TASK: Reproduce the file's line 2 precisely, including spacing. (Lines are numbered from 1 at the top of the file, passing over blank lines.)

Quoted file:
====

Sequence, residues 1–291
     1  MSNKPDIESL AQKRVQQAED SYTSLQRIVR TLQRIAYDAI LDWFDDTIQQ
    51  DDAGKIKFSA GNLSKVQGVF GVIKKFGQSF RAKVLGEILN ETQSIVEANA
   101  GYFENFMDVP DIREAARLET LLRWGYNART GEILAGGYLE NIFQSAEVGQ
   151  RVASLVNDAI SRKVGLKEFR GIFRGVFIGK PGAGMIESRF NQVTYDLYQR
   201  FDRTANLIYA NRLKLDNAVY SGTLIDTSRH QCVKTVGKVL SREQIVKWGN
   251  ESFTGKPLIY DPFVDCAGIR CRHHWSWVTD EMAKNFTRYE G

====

     1  MSNKPDIESL AQKRVQQAED SYTSLQRIVR TLQRIAYDAI LDWFDDTIQQ